Depending from the abdominal end of connecting rod 54 is leg 60 to which is attached pressure pad 62. Depending from the sternal end of connecting rod 54 is leg 64 to which is attached pressure pad 66. Pad 62 is pivoted about pin 68 at the lower end of leg 60 and pad 66 is pivoted about pin 70 at the lower end of leg 64. On the bottom of pressure pad 62 is adhesive pad 72 while the bottom face 76 of pressure pad 66 is also provided with an adhesive surface. In this embodiment, the air-tight seals with the thorax and the abdomen would be established by use of adhesives. For sanitary purposes, adhesive pad 72 and bottom face 76 of pressure pad 66 can be made of materials which can be removed and disposed of after each use.
Finally, the embodiment of FIG. 3 is provided with a force gauge 78, preferably with two read outs, one for the abdomen and the other for the thorax. Alternatively, two separate force gauges could be employed.
In use, the care giver would first place fresh adhesives on pads 62 and 66. The adhesive-faced pads would then be placed on the victim's thorax and abdomen and a good seal established for each.
The care giver would then place his or her hands on handles 56 and 58 and begin the application of force by means of a rocking motion as described above. The force gauge 78 would be used to provide feedback so that the care giver can monitor the amount of force being applied.
As can be seen, levers 50 and 52 are not coaxial with connecting rod 54. Rather, each lever forms an angle with the connecting rod, with sternal lever 52 being offset more than abdominal handle 50. By offsetting levers 50 and 52 from the horizontal, the handles 56 and 58 and hence the care giver's hands are raised away from the victim's body. This arrangement reduces the likelihood that the care giver's hands will come in contact with the victim during the rocking motion.
As can be seen in FIG. 4, the instant invention could easily be used in conjunction with defibrillation. For such application, defibrillation pads 80 and 82 could be placed on the victim as shown and the device according to the present invention applied to the victim without interfering with the defibrillation pads. ACD CPR could then follow immediately after attempted defibrillation and ACD CPR could easily be interrupted for defibrillation and then immediately resumed, if necessary.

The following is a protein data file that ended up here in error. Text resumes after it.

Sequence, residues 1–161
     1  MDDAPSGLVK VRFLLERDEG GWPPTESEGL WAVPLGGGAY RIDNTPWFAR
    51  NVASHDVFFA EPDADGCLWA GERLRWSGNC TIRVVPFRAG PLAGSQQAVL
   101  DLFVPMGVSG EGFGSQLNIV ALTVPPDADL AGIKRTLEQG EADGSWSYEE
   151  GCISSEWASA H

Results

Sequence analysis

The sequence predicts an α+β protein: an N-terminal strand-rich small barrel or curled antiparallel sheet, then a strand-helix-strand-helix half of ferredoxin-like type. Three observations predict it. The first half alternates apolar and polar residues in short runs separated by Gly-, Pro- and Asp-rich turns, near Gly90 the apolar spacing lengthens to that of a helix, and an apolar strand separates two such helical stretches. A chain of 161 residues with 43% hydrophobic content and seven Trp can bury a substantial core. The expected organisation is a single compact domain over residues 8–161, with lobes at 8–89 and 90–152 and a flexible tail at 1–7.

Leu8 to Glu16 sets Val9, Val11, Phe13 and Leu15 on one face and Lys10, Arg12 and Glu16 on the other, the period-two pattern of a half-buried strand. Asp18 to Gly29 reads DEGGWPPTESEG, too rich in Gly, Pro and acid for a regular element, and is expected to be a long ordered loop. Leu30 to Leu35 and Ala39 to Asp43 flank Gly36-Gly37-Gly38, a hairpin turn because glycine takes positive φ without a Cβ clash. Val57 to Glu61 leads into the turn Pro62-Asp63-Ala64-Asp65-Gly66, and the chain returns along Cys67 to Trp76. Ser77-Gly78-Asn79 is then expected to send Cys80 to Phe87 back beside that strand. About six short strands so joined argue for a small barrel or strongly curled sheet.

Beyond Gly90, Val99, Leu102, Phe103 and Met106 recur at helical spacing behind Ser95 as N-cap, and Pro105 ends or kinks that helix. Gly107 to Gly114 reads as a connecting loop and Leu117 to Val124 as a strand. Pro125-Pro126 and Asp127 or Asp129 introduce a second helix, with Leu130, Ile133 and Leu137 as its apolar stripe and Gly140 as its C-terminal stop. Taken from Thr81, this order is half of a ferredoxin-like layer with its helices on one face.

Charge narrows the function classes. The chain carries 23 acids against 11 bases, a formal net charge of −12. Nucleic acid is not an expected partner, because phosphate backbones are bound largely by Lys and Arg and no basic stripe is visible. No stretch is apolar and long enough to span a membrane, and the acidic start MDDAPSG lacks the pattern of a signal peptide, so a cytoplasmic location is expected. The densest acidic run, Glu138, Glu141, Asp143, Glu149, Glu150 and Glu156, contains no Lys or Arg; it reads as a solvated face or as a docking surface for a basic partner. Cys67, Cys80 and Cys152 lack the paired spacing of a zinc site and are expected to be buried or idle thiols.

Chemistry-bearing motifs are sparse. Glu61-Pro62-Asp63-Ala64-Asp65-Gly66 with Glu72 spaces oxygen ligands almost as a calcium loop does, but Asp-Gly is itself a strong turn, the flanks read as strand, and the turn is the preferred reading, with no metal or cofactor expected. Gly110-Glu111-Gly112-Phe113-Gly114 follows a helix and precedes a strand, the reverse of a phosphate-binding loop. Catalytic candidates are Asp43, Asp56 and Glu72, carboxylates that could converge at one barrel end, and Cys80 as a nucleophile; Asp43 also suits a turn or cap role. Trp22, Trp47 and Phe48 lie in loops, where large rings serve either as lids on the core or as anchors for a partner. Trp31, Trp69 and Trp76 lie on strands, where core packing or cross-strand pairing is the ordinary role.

In addition to defibrillation, ACD CPR using a device in accordance with the instant invention could very easily be augmented by forced ventilation using conventional means and techniques.
FIGS. 7, 8 and 9 depict several variations of yet another embodiment of the instant invention, this one permitting application of force from beside the victim rather than from directly above. This embodiment comprises a backboard or frame 84 which is designed to be slid under the body of the victim to stabilize the device. Backboard 84 is connected to a fixed vertical post 86. A sliding vertical top post 83 telescopes into vertical bottom post 86 for vertical adjustment. Locking ring 106 secures vertical posts 86 and 83 together.
Top frame 88 is made in the form of a triangle having legs 90 and 92, a base 94 and a pivoting rib 96. As shown in FIG. 7, the tip of pivoting rib 96 projects slightly beyond the apex of the triangle where the legs and rib meet. Underneath or adjacent to each apex where legs 90 and 92 meet base 94 there is a pressure pad (62 and 66) and extending horizontally from these apexes are extension arms 98 and 100. At the end of arms 98 and 100 are handles 102 and 104 respectively.
Frame 88 pivots about the longitudinal axis of rib 96 to accommodate the rocking motion which alternates downward pressure between pads 62 and 66. Typically, a bearing at the junction of sliding vertical post 83 and rib 96 permits rotation of the rib 96 relative to the sliding vertical top post 83.
A Slightly different configuration of this embodiment is shown in FIG. 8B; there, pads 62 and 66 are moved inward somewhat from their position in FIG. 8A. This embodiment might be useful for resuscitating smaller victims.
These embodiments would be used by first slipping backboard 84 under the victim (FIG. 9A) or care giver (FIG. 9B) so that pads 62 and 66 are properly located over the victim's abdomen and thorax respectively. The care giver would then grab the handles and apply downward force on handle 104. This would then be followed by applying downward force on handle 102. Added force could be applied by pulling up on handles and 104, respectively. As described previously, the rocking action would be repeated as long as needed.
In the case of FIG. 9B, the basic set-up is generally similar to FIG. 9A save that arm 100 and handle 104 and backboard 84 are shifted by 180 left side; the weight of the care giver's body on backboard 84 provides stability for the frame.